CANR Outstanding Student Leader talks about making an impact

MSU graduate Lauren Heberling shared how the little things in life can create changes in the world around us.

MSU graduate Lauren Heberling shared how the little things in life can create changes in the world around us.

Lauren Heberling studied agribusiness management and food industry management and graduated from the College of Agriculture and Natural Resources at Michigan State University.
Lauren Heberling studied agribusiness management and food industry management and graduated from the College of Agriculture and Natural Resources at Michigan State University.

I would be remiss if I did not acknowledge that most of us in our graduating class are probably a little disappointed with how this piece of our journey has come to end. However, while this may not have been the ending that we had in mind, the swift way our lives have changed show us how resilient, thoughtful and innovative we all are.

A few weeks ago, I stumbled across a quote. “When people think about traveling to the past, they worry about accidentally changing the present by doing the smallest of things differently, but no one in the present really thinks they can radically change the future in small ways.” Lately, we have really been forced to think about our own futures and what that future looks like. Specifically, with life being so unpredictable, how can we continue to change the future for the better? Over the last four years, I have begun to find that the answer lies in the details, the small things.

While interviewing for the CANR Outstanding Student Leadership Award, I had a chance at the end of the interview to ask the panel of judges a few questions of my own. In light of the current circumstances, one question, in particular, came to mind. With our world becoming increasingly digital, and especially now with almost everything being virtual, how do you continue to build relationships with others? Members of the panel spoke about finding new ways to connect students with potential employers, consistently prioritizing check-ins with students and always remembering to meet others where they are.

There was one answer, though, that really stuck with me. It was from Jeff Keson, CANR Assistant Director for Recruitment and Retention. When addressing questions and concerns of potential students, he uses a method that is much more personal.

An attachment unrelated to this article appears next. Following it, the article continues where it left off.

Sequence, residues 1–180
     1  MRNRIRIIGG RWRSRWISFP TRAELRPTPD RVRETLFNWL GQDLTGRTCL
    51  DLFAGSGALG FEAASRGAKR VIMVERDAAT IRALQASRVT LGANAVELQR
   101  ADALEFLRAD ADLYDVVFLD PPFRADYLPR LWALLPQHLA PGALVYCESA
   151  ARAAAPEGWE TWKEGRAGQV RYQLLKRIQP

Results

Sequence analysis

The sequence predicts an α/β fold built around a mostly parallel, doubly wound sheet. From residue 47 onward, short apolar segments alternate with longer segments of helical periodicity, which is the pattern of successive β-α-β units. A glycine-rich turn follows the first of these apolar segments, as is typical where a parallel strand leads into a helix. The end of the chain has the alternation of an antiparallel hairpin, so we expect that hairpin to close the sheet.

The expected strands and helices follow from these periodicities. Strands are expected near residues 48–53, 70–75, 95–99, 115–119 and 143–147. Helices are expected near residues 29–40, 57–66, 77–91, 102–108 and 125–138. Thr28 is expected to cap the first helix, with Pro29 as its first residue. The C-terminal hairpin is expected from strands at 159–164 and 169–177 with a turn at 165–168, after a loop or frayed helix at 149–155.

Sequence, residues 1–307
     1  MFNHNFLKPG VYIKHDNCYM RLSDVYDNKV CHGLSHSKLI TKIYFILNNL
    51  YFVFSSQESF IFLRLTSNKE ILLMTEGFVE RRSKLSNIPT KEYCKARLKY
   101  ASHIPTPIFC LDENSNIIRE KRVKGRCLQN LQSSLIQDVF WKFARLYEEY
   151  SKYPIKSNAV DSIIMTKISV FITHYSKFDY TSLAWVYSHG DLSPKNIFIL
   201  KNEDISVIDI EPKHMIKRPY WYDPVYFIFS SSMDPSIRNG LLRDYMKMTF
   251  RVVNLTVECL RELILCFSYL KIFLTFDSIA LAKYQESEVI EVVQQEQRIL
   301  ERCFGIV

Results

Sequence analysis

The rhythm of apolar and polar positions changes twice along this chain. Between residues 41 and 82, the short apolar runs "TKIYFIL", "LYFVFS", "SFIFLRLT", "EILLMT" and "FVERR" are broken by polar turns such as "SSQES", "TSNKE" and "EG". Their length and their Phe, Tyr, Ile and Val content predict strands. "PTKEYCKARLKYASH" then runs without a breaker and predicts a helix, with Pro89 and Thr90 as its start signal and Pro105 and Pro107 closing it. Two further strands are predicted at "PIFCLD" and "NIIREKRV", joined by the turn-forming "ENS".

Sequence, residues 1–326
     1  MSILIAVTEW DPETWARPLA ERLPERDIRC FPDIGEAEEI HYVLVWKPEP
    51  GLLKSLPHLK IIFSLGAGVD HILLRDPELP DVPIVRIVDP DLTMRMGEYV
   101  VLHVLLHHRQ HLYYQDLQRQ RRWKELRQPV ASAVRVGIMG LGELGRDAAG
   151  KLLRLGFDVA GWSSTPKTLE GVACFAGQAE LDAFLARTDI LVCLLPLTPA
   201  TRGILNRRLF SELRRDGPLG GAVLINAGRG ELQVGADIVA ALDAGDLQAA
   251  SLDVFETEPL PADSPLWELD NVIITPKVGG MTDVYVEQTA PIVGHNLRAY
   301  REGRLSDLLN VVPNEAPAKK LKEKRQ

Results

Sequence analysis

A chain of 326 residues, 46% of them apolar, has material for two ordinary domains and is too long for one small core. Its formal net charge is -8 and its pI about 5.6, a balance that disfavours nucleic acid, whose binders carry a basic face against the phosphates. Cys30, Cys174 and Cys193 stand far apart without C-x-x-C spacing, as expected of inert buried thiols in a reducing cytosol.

“When I am in a situation where I need to direct somebody to another office,” Jeff said, “I try to always connect everything to a name. I won’t just say, here is an email or here is a phone number. I will say, hey, I have a friend over here, this is their name, here is how you can reach them, they will be able to help you find just what you need.”

I know, at the surface, this method might not seem groundbreaking, it is a few extra words. But the way he carefully selects these words and pays attention to the seemingly small details of a routine conversation can completely change the experience for an individual. I mean, how many of us have been impacted by something like this throughout the last four years? That one professor who decided to ask you a question about your future. That one friend who showed up at your door. You see, it’s the little things. The very small ones. They’re the ones that add up. They’re the ones that make a huge impact.

Over the last few months, we have seen big events, important meetings and awesome trips very easily disappear from our calendars. However, our relationships with others have a cool way of withstanding all of the world’s unforeseen disasters. The things we do day in and day out to connect with those around us and the ways we invest our time and energy into the minute details are never canceled.

Give your energy to the details, your wording and your conversations, and you will be amazed at what you can do. In your career, think big picture, but be mindful of the importance of the seemingly small things — the relationships you make with coworkers, clients and your networks. In your life, don’t let the challenges and monotony of the day to day stifle your desire to create small and continuous change in the world around you. Above all else, challenge yourself to relish in the ways that these very different times have already changed us for the better and the unique way it has forced perspective on us. The big things in life may be put on pause, but the little things remain, and they are, in fact, the key to radically changing the future.

My message today is simple. It’s small things that make a big impact. It’s meant to remind you of the power each and every one of us holds. Your potential is not found in your ability to do huge and miraculous things. It is held in the words and the actions you emit each day and what you intentionally choose to give others.

Congratulations to the Class of 2020. May the rest of your life be filled with happiness, love and meaningful relationships with others.

Thank you and GO GREEN!

Watch Lauren Heberling's student speech from the CANR Spring Commencement Celebration on May 16, 2020 (starts 8:07).


Lauren Heberling studied agribusiness management and food industry management and graduated from the College of Agriculture and Natural Resources at Michigan State University. She received the 2020 CANR Outstanding Student Leadership Award, one of the college’s highest undergraduate student awards. Heberling grew up on a dairy farm and is the first generation in her family to earn a bachelor’s degree. Following graduation, she began working within the appraisal department at Greenstone Farm Credit Services in East Lansing, Michigan.

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